A strike by burial teams in Sierra Leone has left corpses of Ebola victims abandoned in the capital, as health officials in Spain look into whether an assisting nurse may have picked the virus by touching her face with contaminated protective gloves.

The Sierra Leone Broadcasting Corporation reported on Wednesday that bodies of Ebola victims were left at homes and on the streets of Freetown because members of burial teams staged a lockout for not being paid. The dead bodies of Ebola victims are highly contagious.

Deputy health minister Madina Rahman said on a radio show that the strike had been "resolved," though organisers could not immediately be reached to confirm it was over.

Rahman said a one-week backlog for hazard pay, that was deposited in the bank but never reached the burial teams, was behind the dispute. He said the health ministry will investigate the delay in payments.

The burial teams make up a total of 600 workers organised in groups of 12, health ministry spokesman Sidie Yahya Tunis said.

In neighbouring Liberia, health workers said they will go on strike if their demands of $700 as monthly salaries and safety equipment are not met by the end of the week.

'Touched her face'

The World Health Organisation says Ebola is believed to have killed more than 600 people in Sierra Leone, where there have been more than 2,100 confirmed cases. More than 3,400 people have been killed by the outbreak in West Africa, which has hit Sierra Leone, Guinea and Liberia hardest.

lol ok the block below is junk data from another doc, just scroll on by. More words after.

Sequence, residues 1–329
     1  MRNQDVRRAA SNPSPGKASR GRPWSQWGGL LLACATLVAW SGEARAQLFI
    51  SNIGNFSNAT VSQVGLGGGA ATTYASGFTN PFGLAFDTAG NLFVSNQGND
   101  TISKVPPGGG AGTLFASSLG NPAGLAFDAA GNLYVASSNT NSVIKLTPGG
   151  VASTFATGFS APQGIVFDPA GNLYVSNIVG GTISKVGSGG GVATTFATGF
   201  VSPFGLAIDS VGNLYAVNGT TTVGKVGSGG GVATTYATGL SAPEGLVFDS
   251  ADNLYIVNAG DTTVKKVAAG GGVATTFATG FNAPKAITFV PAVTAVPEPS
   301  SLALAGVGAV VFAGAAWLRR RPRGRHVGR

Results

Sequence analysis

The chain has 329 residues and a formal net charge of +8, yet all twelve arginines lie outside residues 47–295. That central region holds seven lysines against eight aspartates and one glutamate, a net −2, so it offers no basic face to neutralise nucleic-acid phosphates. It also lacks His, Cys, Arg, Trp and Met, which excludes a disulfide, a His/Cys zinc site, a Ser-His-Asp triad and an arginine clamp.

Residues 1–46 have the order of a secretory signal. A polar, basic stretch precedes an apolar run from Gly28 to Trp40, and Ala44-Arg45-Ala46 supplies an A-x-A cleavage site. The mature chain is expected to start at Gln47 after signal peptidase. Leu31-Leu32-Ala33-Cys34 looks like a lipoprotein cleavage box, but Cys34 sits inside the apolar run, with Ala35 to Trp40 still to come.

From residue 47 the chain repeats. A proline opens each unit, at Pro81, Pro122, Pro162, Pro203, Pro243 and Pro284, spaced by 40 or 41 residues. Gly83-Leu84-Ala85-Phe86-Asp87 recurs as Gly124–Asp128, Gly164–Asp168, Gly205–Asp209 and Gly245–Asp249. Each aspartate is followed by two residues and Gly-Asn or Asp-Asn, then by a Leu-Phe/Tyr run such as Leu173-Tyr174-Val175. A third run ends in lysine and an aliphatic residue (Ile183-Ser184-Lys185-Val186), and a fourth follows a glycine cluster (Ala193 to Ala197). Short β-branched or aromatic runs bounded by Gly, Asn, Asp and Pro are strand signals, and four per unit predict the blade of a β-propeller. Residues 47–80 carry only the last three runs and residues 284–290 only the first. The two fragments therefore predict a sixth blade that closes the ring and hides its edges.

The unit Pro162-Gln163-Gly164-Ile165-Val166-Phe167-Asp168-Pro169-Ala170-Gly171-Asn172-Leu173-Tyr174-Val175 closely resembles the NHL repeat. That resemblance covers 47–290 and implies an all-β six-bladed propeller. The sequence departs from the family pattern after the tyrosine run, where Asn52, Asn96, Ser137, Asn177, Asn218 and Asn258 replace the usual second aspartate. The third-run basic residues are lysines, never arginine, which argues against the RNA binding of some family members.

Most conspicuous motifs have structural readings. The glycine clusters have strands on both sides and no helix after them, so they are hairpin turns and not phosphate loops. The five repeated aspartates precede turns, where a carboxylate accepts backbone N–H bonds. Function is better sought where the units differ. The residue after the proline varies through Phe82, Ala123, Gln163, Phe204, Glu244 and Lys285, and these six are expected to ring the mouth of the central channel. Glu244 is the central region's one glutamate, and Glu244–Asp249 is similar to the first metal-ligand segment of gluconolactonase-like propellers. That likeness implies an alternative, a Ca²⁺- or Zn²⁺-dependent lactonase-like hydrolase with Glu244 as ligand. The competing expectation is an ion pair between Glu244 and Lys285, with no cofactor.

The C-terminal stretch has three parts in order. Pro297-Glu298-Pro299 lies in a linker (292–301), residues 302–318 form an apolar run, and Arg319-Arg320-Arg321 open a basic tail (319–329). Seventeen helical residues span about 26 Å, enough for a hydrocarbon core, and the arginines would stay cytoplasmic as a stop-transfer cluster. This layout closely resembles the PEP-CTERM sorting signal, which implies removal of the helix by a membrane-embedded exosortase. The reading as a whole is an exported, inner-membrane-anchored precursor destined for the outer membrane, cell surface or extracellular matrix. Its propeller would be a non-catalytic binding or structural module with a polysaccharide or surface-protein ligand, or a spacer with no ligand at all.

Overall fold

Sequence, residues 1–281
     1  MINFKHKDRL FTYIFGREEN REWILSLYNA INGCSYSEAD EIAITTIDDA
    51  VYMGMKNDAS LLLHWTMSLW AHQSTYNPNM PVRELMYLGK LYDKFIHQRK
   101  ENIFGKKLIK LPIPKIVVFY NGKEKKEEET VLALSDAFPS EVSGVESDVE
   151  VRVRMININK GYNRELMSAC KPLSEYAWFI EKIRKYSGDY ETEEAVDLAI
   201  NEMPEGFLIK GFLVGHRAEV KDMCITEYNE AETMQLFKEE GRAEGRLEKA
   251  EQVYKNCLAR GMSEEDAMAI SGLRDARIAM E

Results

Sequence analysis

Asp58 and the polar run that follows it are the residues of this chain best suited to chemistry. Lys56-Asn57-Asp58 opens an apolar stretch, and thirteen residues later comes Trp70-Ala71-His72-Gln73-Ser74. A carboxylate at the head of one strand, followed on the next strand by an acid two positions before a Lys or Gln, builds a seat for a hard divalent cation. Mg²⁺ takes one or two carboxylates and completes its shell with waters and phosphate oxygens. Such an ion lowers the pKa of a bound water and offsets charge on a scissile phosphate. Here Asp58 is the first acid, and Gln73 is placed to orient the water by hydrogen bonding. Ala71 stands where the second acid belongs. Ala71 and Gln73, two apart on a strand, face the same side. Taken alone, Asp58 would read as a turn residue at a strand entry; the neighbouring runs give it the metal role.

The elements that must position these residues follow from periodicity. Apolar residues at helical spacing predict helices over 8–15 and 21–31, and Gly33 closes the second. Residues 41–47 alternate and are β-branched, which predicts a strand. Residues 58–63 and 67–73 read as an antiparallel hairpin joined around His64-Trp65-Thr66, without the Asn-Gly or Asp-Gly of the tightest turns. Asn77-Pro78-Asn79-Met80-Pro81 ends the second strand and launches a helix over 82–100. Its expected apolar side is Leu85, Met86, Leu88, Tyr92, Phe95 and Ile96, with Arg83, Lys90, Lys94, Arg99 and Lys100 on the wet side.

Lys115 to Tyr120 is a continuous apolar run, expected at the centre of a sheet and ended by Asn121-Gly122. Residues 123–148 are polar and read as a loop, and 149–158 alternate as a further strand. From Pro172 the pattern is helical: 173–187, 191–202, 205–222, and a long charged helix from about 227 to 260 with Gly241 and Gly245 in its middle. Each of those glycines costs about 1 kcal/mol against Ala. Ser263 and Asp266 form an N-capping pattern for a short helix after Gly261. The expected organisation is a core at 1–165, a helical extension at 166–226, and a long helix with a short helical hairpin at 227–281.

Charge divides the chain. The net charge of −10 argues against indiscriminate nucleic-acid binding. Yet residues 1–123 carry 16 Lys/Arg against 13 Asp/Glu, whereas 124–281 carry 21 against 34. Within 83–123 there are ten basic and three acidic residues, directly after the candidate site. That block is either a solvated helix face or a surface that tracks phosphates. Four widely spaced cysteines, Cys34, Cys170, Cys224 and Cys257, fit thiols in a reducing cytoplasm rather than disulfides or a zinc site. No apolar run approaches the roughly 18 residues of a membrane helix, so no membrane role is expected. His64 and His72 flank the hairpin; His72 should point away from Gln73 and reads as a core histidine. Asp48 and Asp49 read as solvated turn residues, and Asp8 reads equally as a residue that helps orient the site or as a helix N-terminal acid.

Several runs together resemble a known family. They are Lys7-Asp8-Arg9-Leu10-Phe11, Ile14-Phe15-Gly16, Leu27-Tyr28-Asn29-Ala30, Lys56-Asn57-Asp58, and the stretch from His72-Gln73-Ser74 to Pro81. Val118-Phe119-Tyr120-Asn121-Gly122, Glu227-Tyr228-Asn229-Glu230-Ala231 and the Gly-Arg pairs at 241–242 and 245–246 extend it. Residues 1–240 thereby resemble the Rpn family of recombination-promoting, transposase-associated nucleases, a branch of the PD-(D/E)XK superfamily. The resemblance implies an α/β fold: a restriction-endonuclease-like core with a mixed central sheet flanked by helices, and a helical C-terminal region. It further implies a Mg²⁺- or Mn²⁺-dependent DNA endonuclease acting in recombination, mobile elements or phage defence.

Meanwhile in Spain, a nurse who was the first person known to have contracted the deadly virus outside of Africa, said she recalled touching her face with gloves she wore while treating Ebola victims who were repatriated to Madrid.

Spanish authorities are investigating how 40-year-old Teresa Romero, who was tested positive for the disease on Monday, has contracted the virus as fear of a breakout in Spain and Europe grows.

Romero is now quarantined along with three other Spaniards while 22 others are being monitored closely for symptoms that include fever, diarrhoea and vomiting. The nurse was part of a medical team that attended to a Spanish missionary who died of Ebola on September 25, and is believed to have entered his room twice prior to his death.

Dr. German Ramirez of the Carlos III hospital said Romero believes she touched her face with the glove after her first entry.

Spanish animal rights activists scuffled with police as they blocked the way to Romero's apartment where medics sought to take away her dog. The pet, mixed breed dog named Excalibur, will be killed after a court order was issued saying "available scientific" information can't rule out "risk of contagion."

Source: Agencies